How many of Attytood's free readers would pay to read this blog? Anticpating the comments below, I think we all know the answer, even if it was a micropayment of one or two cents. In the greatest case of closing-the-barn-door-too-lateism ever, newspapers that threw all their content on the Web for free in 1997 are trying to figure out how people might pay for all this in 2009.
David Carr of the New York Times thinks that newspapers should be allowed to collude with each other:
“It is time that newspapers are allowed to collude in the public interest,” said Mr. Mutter, who blogs at Reflections of a Newsosaur. “In order to keep as many feet in the street as possible regardless of how they are branded and preserve editorial voices, the new competitive environment has to be considered. The Chronicle competes against The Mercury News, but it also competes against Craigslist, Zillow and Auto Trader.”
Philip Meyer, who wrote “The Vanishing Newspaper,” concurs: “Technology has destroyed the monopolies that these laws were designed to regulate.”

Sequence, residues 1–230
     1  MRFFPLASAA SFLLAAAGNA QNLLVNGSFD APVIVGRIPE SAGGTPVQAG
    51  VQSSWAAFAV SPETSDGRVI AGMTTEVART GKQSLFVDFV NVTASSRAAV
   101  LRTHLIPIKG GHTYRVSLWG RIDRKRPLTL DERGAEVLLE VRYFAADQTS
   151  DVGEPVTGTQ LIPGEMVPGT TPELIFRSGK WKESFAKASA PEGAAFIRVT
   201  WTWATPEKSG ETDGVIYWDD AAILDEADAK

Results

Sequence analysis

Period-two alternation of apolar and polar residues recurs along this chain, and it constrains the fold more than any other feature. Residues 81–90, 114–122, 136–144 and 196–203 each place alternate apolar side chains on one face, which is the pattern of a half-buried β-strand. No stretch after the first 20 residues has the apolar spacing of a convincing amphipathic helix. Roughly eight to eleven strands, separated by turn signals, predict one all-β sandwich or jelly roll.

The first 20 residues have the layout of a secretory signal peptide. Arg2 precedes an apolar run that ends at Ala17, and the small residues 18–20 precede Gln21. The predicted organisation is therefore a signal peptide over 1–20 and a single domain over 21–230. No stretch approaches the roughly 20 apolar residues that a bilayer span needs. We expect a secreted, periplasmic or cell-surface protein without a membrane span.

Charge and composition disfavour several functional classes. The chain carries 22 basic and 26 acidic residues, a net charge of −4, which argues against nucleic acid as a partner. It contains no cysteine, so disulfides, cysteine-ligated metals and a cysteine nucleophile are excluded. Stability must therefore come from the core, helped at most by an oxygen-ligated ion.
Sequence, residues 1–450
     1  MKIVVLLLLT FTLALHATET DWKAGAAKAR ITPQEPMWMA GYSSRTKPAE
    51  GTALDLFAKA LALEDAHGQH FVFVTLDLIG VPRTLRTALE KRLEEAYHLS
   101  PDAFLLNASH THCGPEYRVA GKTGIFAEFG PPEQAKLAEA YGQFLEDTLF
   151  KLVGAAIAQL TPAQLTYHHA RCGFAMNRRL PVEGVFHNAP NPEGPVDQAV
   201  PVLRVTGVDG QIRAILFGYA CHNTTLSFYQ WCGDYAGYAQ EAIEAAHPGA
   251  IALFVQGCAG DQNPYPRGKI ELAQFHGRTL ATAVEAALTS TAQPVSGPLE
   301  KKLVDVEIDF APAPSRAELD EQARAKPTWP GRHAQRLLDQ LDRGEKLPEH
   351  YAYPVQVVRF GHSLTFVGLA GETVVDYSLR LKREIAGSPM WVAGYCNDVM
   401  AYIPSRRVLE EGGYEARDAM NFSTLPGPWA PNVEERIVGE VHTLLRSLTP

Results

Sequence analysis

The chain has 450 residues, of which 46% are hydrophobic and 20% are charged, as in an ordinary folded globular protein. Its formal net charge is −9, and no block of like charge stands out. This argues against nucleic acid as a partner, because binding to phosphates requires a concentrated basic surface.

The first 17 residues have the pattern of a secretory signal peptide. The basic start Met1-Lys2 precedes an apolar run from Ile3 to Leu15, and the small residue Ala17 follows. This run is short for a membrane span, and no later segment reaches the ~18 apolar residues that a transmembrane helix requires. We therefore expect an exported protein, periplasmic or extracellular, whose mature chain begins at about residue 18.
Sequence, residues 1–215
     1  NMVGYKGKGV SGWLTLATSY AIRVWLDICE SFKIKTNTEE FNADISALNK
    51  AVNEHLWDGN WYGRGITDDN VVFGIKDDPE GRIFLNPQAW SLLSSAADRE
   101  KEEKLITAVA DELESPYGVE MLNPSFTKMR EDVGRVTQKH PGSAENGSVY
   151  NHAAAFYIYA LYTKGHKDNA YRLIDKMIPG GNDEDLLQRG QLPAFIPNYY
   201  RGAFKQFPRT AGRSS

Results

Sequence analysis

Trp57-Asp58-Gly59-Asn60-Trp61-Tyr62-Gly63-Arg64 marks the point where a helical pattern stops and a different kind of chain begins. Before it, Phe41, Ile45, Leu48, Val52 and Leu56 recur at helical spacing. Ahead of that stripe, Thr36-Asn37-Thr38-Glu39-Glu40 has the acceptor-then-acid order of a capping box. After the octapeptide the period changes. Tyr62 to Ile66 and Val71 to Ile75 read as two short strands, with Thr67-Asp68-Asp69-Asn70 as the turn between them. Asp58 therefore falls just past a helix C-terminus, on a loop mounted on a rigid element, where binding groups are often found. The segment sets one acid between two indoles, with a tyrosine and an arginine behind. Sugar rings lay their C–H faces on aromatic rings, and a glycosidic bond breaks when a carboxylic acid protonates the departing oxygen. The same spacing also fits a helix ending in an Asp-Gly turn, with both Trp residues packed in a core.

Of course, advocates of the free, independent press are rightfully chary about wholesale deregulation, but John Morton, the eminent newspaper analyst, said that individual newspaper companies can’t solve this problem by working alone.
Collusion, in Carr's world, would allow newspapers to successfuly charge for content on the Web, prevent Google from making money on the backs of the papers, and encourage consolidation so that markets could be served by one strong newsroom rather than two weak ones.
Isn't it pretty to think so? Steve Yelvington has a pretty good reality check on part of Carr's equation: Charging for online content.
Meanwhile, my pal Greg Mitchell from Editor and Publisher -- check out his new book on the 2008 election -- was on Rachel Maddow to gave a fairly grim assessment of the newspaper world: